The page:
1. The rule of dead labour
A corpse rules society – the corpse of labour. All powers around the globe formed an alliance to defend its rule: the Pope and the World Bank, Tony Blair and Jörg Haider, trade unions and entrepreneurs, German ecologists and French socialists. They don’t know but one slogan: jobs, jobs, jobs!
Whoever still has not forgotten what reflection is all about, will easily realise the implausibility of such an attitude. The society ruled by labour does not experience any temporary crisis; it encounters its absolute limit. In the wake of the micro-electronic revolution, wealth production increasingly became independent from the actual expenditure of human labour power to an extent quite recently only imaginable in science fiction. No one can seriously maintain any longer that this process can be halted or reversed. Selling the commodity labour power in the 21st century is as promising as the sale of stagecoaches has proved to be in the 20th century. However, whoever is not able to sell his or her labour power in this society is considered to be “superfluous” and will be disposed of on the social waste dump.
Those who do not work (labour) shall not eat! This cynical principle is still in effect; all the more nowadays when it becomes hopelessly obsolete. It is really an absurdity: Never before the society was that much a labour society as it is now when labour itself is made superfluous. On its deathbed labour turns out to be a totalitarian power that does not tolerate any gods besides itself. Seeping through the pores of everyday life into the psyche, labour controls both thought and action. No expense or pain is spared to artificially prolong the lifespan of the “labour idol”. The paranoid cry for jobs justifies the devastation of natural resources on an intensified scale even if the destructive effect for humanity was realised a long time ago. The very last obstacles to the full commercialisation of any social relationship may be cleared away uncritically, if only there is a chance for a few miserable jobs to be created. “Any job is better than no job” became a confession of faith, which is exacted from everybody nowadays.
The more it becomes obvious that the labour society is nearing its end, the more forcefully this realisation is being repressed in public awareness. The methods of repression may be different, but can be reduced to a common denominator. The globally evident fact that labour proves to be a self-destructive end-in-itself is stubbornly redefined into the individual or collective failure of individuals, companies, or even entire regions as if the world is under the control of a universal idée fixe. The objective structural barrier of labour has to appear as the subjective problem of those who were already ousted.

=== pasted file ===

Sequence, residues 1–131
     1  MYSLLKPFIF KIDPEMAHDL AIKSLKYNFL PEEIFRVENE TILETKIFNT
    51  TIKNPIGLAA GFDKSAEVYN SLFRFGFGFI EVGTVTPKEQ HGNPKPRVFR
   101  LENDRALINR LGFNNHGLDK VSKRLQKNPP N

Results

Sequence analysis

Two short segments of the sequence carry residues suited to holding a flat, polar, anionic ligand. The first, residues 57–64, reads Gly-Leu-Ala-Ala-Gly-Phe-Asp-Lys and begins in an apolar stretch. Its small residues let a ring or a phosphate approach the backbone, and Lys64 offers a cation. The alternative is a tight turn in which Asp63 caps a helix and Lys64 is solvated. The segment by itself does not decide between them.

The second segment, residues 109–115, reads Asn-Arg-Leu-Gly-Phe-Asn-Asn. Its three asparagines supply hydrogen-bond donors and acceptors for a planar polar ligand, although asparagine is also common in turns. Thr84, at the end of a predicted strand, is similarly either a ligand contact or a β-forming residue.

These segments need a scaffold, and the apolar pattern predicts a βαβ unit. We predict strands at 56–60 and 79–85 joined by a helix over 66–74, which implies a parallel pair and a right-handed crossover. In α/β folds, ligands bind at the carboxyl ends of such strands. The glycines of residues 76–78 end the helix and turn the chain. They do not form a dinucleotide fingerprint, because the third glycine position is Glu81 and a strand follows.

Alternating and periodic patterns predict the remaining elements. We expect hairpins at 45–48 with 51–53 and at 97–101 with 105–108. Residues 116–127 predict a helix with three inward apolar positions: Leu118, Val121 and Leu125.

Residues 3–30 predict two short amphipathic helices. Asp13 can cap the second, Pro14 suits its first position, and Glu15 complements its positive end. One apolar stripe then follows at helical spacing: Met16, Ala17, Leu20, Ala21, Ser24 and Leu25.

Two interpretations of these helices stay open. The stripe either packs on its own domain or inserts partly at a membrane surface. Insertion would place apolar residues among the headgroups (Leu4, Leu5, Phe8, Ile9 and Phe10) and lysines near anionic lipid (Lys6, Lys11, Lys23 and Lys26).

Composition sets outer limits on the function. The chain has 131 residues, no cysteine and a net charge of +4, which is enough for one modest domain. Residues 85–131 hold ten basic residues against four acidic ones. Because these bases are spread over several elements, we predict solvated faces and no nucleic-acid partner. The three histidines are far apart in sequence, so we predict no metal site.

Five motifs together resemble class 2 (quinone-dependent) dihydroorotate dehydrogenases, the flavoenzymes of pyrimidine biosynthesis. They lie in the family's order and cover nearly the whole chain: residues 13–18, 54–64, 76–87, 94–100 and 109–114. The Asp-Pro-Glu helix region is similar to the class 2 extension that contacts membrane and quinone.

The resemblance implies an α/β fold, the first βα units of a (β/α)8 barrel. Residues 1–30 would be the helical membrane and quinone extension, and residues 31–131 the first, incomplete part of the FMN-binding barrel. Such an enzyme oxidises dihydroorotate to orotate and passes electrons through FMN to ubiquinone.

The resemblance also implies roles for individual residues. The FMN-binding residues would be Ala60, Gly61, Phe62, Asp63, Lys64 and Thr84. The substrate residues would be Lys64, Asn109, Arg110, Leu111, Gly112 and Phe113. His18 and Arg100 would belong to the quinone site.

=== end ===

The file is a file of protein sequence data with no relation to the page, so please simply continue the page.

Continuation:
To some people unemployment is the result of exaggerated demands, low-performance or missing flexibility, to others unemployment is due to the incompetence, corruption, or greed of “their” politicians or business executives, let alone the inclination of such “leaders” to pursue policies of “treachery”. In the end all agree with Roman Herzog, the ex-president of Germany, who said that “all over the country everybody has to pull together” as if the problem was about the motivation of, let us say, a football team or a political sect. Everybody shall keep his or her nose to the grindstone even if the grindstone got pulverised. The gloomy meta-message of such incentives cannot be misunderstood: Those who fail in finding favour in the eyes of the “labour idol” have to take the blame, can be written off and pushed away.
Such a law on how and when to sacrifice humans is valid all over the world. One country after the other gets broken under the wheel of economic totalitarianism, thereby giving evidence for the one and only “truth”: The country has violated the so-called “laws of the market economy”. The logic of profitability will punish any country that does not adapt itself to the blind working of total competition unconditionally and without regard to the consequences. The great white hope of today is the business rubbish of tomorrow. The raging economical psychotics won’t get shaken in their bizarre worldview, though. Meanwhile, three quarters of the global population were more or less declared to be social litter. One capitalist centre after the other is dashed to pieces. After the breakdown of the developing countries and after the failure of the state capitalist squad of the global labour society, the East Asian model pupils of market economy have vanished into limbo. Even in Europe, social panic is spreading. However, the Don Quichotes in politics and management even more grimly continue to crusade in the name of the “labour idol”.
Everyone must be able to live from his work is the propounded principle. Hence that one can live is subject to a condition and there is no right where the qualification can not be fulfilled.
Johann Gottlieb Fichte, Foundations of Natural Law according to the Principles of Scientific Theory, 1797
2. The neo-liberal apartheid society
Should the successful sale of the commodity “labour power” become the exception instead of the rule, a society devoted to the irrational abstraction of labour is inevitably doomed to develop a tendency for social apartheid. All factions of the comprehensive all-parties consensus on labour, so to say the labour-camp, on the quiet accepted this logic long ago and even took over a strictly supporting role. There is no controversy on whether ever increasing sections of the population shall be pushed to the margin and shall be excluded from social participation; there is only controversy on how this social selection is to be pushed through.